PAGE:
Monday, September 15, 2014

Why We're Fat

One reason I hesitate to give up Facebook entirely: people do post some fascinating articles on there.

Last week, it was one titled, "12 Graphs That Show Why People Get Fat." VERY interesting. Here's the title from one graph: "The Obesity Epidemic Started When The Low-Fat Guidelines Were Published." Heart disease was skyrocketing and scientists believed that saturated fats were to blame, so they started telling everyone to limit their saturated fats . . . and we all started getting chubbier.

Now, the article rightly points out that correlation doesn't prove causation -- just because they happened at the same time doesn't necessarily mean one caused the other. But does it not make sense? When we get rid of the fat in our foods, we need to add something else to make it taste good: sugar. Another graph in the article shows how "Sugar Consumption Has Skyrocketed." My mother used to add a little sugar to canned vegetables; she thought it took away the tinny taste from the can. I still do that. I'm not sure I can eat canned vegetables any other way.

Another graph: "People Gain Lots Of Weight During The Holidays, Which They Never Get Rid Of." I have to say, this one surprised me. Not that people gain weight during the holidays, or that they never get rid of all of it, but that it was enough to be a significant factor in obesity. I guess if you start when you're twenty adding on a couple pounds every Christmas, by forty you've added forty pounds to your body.

But feasting has always been a feature of the holidays, yes? Why hasn't it been a factor before? I'm guessing because before, Christmas only lasted one day. People worked right up until Christmas Eve and didn't spend the whole week between Christmas and New Year's celebrating. The stores weren't putting holiday items out in October to make you crave those holiday goodies so you have them sitting around for two months. It's nuts.

Here's another good one: "The Social Environment Can Strongly Affect Caloric Intake." We consume more calories the more people we are around while we eat. Putting food into our mouths becomes an exercise in social connection, rather than in staving off hunger pangs. Wow. Human beings are just fascinating, you know?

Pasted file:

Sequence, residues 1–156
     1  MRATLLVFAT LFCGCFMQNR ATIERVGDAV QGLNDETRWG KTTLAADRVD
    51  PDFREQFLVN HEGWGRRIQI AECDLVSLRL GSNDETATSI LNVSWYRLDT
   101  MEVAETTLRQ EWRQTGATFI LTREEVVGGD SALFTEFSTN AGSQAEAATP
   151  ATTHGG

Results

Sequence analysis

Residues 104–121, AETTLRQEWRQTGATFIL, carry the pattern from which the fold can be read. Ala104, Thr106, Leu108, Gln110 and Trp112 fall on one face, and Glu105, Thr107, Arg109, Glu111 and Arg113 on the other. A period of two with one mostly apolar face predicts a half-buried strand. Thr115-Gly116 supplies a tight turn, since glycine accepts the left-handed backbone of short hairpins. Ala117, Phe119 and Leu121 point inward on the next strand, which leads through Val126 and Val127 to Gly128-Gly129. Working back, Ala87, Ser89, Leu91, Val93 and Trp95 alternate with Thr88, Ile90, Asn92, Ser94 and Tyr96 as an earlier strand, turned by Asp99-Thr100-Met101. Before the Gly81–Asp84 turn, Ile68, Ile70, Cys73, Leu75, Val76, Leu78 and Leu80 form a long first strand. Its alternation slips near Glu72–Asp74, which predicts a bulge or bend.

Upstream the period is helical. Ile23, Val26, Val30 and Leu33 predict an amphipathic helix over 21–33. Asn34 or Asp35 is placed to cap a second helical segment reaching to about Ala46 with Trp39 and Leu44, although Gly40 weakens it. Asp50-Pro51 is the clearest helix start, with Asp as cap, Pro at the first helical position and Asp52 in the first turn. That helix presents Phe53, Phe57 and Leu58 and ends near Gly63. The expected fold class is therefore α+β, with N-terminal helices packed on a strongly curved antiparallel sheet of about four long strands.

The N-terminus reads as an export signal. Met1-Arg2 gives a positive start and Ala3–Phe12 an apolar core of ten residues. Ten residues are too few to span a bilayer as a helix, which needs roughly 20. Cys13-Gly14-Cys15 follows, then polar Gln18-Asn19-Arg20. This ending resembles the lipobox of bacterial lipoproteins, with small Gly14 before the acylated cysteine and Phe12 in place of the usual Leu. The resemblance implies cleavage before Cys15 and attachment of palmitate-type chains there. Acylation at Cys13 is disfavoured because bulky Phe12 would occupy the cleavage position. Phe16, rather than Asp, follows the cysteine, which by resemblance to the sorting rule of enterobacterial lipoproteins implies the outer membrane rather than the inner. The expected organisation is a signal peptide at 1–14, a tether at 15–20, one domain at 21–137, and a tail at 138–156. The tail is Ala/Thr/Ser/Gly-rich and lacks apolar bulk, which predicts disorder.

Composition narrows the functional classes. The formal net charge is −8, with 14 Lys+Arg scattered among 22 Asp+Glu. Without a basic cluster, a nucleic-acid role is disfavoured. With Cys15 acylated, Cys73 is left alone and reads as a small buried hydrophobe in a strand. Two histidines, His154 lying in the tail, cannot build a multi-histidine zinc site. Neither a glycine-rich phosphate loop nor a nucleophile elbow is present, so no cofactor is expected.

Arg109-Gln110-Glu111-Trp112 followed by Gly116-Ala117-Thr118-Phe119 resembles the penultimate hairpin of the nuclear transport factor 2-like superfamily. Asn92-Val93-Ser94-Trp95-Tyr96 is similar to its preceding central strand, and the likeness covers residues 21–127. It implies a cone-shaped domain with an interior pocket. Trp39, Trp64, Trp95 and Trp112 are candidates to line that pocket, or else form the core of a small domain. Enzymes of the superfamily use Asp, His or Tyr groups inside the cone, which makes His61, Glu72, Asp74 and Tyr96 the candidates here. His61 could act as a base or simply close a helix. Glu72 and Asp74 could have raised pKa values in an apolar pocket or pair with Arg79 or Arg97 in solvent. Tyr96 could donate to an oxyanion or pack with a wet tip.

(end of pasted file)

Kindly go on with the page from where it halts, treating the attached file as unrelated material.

"People Don't Burn As Many Calories Working." Of course. The problems innovations caused us by making our lives easier. "People Are Eating More Vegetable Oils, Mostly From Processed Foods." Again: processed foods = easy. Easy living = a curse more often than we want to admit. "Food Is Cheaper Than Ever Before." This is starting to remind me of a line repeated often in my new favorite TV series, "Once Upon A Time":  Magic always has a price. So does convenience.

But here's the one that hit me the most: "Increased Food Variety Contributes to Overeating and Weight Gain." You know these diets that focus on what people ate in Bible times and all -- "What Did Jesus Eat?" Well, he ate healthier food, yes, but he also probably ate basically the same stuff everyday. So did other people throughout history, I suspect, expect for the exorbitantly wealthy ones. They ate to sustain their bodies; they didn't eat merely for the pleasure of eating. At least not on a daily basis. We eat for the pleasure of eating. And the variety of foods we have to choose from makes eating a pleasure, not just a necessity.

In the four or five weeks of school we've had so far, I've taken the same lunch every day I've had to stay for lunch: an apple and a granola bar. If I were at home, I would never have dreamed of limiting myself to such a scanty lunch -- it would have taken all the self-control I have to do that. But at school, I have fifteen minutes to scarf down a lunch between classes, and I'm only eating to keep my energy up for the afternoon. Lunch is not for pleasure -- I'm getting my pleasure from teaching. So that scanty lunch is completely satisfying; I'm not even hungry for more when I get home.

Very revealing to me, that.

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